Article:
Google: AI Principles

Creator

Google

Purpose

Google uses Artificial Intelligence (AI) in lots of ways – to help customers, create better products and to help people tackle urgent problems.

“We recognize that such powerful technology raises equally powerful questions about its use. How AI is developed and used will have a significant impact on society for many years to come. As a leader in AI, we feel a deep responsibility to get this right. So today, we’re announcing seven principles to guide our work going forward. These are not theoretical concepts; they are concrete standards that will actively govern our research and product development and will impact our business decisions.”

Manifesto

Objectives for AI Applications

1 Be socially beneficial

2 Avoid creating or reinforcing unfair bias

3 Be built and tested for safety

4 Be accountable to people

5 Incorporate privacy design principles

6 Uphold high standards of scientific excellence

7 Be made available for uses that accord with these principles

AI Applications we will not pursue

  1. Technologies that cause or are likely to cause overall harm.
  2. Weapons or other technologies whose principal purpose or implementation is to cause or directly facilitate injury to people.
  3. Technologies that gather or use information for surveillance violating internationally accepted norms.
  4. Technologies whose purpose contravenes widely accepted principles of international law and human rights.

Source

Google Blog post by Google CEO Sundar Pichai

Comment

What I love about this manifesto is that it address both sides of the equation. Part One offers some objectives – this is where we would like to go. And Part Two offers ‘applications we will not pursue’ which tells where we’re not headed.

You might like to think of this as creating a pair of railway tracks. We want to steer in this direction but not too far here or there.

If you’re in a delicate, hotly debated or fast moving space it might be appropriate to include both ‘toward’ and ‘away’ from guidelines as part of your manifesto. If this fits your situation then Google’s AI Principles is an example worth following.

More

Google: Ten things we know to be true (an early manifesto from Google)

The Science Code Manifesto (software guidelines in science)

Eric Raymond – The Cathedral and the Bazaar (Open Source software manifesto)

 

Manifesto for Smarter Working

Creator

Mark Grant, GTM Manager: Digital Workspace Productivity from Dimension Data

Purpose

“Many organisations are being held back from adopting smarter, more flexible ways of working due to their own cultural intransigence.”

“The benefits of flexible and remote ways of working have been well-documented, from increased productivity to improved staff morale. But there remains a tendency among some employers to view such smarter working practices with cynicism and suspicion. For many years it was believed technology was the most significant hurdle to overcome in opening up deskbound office staff to more flexible ways of working.”

Manifesto

Five points we believe employers and employees need to discuss and reach agreement on:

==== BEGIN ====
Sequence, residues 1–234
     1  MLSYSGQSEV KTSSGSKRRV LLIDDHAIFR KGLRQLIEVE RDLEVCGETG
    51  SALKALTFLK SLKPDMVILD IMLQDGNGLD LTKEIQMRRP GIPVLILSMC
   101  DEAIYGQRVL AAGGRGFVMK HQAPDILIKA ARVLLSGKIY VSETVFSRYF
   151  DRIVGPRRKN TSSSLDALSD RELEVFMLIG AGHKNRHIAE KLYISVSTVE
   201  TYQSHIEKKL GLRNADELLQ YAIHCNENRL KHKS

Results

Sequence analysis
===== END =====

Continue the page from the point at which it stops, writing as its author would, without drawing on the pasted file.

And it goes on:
1 We agree the office is just one place we can work

Even the sleekest of offices only suit most of the people, most of the time. There will always be instances where the office isn’t the best environment to work.

2 We do not need excuses to work smarter

Many people feel the need to excuse remote working with reasons unrelated to work, such as waiting in for a plumber. But “I will get more work done, to a higher standard” should be the only reason anybody needs.

3 We know trust isn’t about turning up

Healthy relationships rely on trust earned through mutual respect and value. We shouldn’t have to be in an office for people to trust we’re working.

4 We believe great work can happen any time

When we do our best work is rarely dictated by what time it is. What matters most is delivering the best work possible, with consideration for others involved in the process.

5 We value working smarter over working longer

Being first in and last out doesn’t mean someone is working better or harder. We need to evolve the way we measure performance to focus on productivity, not hours and minutes.

Source

Article by Mark Grant on TheHRDirector.com – June 12, 2018

Comment

This is a great example of a simple five-point manifesto making a complex situation simple and manageable. By offering a handful of principles, a clear set of flexible and innovative actions could follow.

In particular, general rules of thumb are open to interpretation rather than being prescriptive. “We believe great work can happen any time.”

(Right now, I’m writing on a kitchen bench as I house-sit two dogs while I watch the football on a cold and wet Sunday afternoon. Great work? Maybe, may be not. You get the point!)

More

The 37 Signals Manifesto from the book Rework by Jason Fried and David Heinemeier Hansso

Haydn Shaughnessy – The New Work Manifesto

Tim Ferriss – The Four Hour Work Week

 

Lebbeus Woods, Slow Manifesto

Creator

Lebbeus Woods (1940-2012) is the author of several books published by Princeton Architectural Press books. Woods was an architectural illustrator.

A curation of Woods blog became a book edited by Clare Jacobson: Lebbeus Woods, Slow Manifesto

Purpose

The slow movement principles applied to architecture.

Manifesto

The new cities demand an architecture that rises from and sinks back into fluidity, into the turbulence of a continually changing matrix of conditions, into an eternal, ceaseless flux

architecture drawing its sinews from webbings of shifting forces, from patterns of unpredictable movements, from abrupt changes of mind, alterations of position, spontaneous disintegrations and syntheses